Vocabulary makes a difference.
As teams of fourth-graders worked on cutting, taping and modifying pieces of cardboard in the Sunrise Elementary School gym on Sept. 26, Assistant Principal Amy Winant wanted to stress specific terms and phrases. The kids were hard at work on assembling projects for the Cherry Creek School District's Fifth Annual Cardboard Challenge event set for Oct. 12, and specific words kept coming up again and again.
Design. Build. Redesign. Rebuild. Collaborate. Problem-solve. These are key words from any competent engineer's dictionary, and the terms purposefully figured into the Sunrise teams' creative process.
"I'm trying to start to speak the language with these students," Winant said. "I want them to feel like they are engineers, that they can approach their work in a creative mindset."
It's an attitude that aligns neatly with this year's Cardboard Competition scheduled for Oct. 12 at Smoky Hill High School. "Just Built It" is the unofficial theme of this year's event, and the Sunrise students' frenetic work pace and impressive output as they came together to develop their projects during a free period demonstrated just how seriously they took the directive.
"The feedback from all of the teachers has been that the kids are super excited," Winant said. "The students can't wait to get in here and start the process. They came up with a design that was approved by me, and it's been a great success," Winant added, explaining the school's output for their inaugural year in the challenge has included designs for throwing games, rocket games and other complex, intricate projects. "It's impacting the whole school."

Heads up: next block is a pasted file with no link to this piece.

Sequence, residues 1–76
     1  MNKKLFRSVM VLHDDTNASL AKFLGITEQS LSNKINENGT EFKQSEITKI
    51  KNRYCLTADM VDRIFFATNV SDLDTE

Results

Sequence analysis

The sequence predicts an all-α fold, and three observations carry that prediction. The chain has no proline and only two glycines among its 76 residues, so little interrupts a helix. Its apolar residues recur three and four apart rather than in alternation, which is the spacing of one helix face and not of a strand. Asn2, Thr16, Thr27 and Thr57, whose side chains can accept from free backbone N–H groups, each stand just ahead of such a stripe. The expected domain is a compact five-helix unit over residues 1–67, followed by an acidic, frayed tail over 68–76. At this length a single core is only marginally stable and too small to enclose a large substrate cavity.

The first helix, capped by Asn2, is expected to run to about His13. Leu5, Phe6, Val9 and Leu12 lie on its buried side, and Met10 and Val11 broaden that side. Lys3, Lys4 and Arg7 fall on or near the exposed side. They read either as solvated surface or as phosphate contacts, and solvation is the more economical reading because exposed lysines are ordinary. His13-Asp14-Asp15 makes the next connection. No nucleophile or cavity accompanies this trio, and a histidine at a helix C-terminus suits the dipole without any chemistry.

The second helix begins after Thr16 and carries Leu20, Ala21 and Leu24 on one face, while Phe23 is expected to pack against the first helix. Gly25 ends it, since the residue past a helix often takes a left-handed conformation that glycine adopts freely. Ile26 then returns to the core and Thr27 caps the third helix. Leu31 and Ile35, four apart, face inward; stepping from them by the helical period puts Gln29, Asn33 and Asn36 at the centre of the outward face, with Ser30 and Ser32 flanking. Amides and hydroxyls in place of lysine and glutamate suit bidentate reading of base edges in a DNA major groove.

Sunrise Elementary is just one of dozens of schools across the Cherry Creek School District submitting projects for this year's Cardboard Challenge, a competition inspired by the 2012 documentary film "Caine's Arcade" directed by Nirvan Mullick. The film centers on a 9-year-old boy from Los Angeles who created an arcade made entirely out of cardboard. The project and the film caught the attention of an international audience of supporters; school districts across the country used the basic concept as a way to encourage creativity and better illustrate STEM-based curriculum for students. The project also launched the Imagination Foundation, a nonprofit dedicated to fostering creativity and entrepreneurship for children across the globe.
At Cherry Creek, it's resulted in an annual district-wide event that encourages the best kind of innovation from students of all grade levels. It's the fifth year that the Cherry Creek Schools Foundation has funded and organized the event as part of its broader mission, which focuses primarily on impacting all CCSD students, investing in innovation and building long-term relationships in the community.
The impact has gone beyond any single project or any one classroom. This year will see hundreds of submissions from elementary, middle and high school students from across Cherry Creek Schools. The simple and straightforward guidelines for entry – that projects be constructed entirely from cardboard and recycled materials – has spurred innovation and creativity from students of all ages, backgrounds and technical abilities.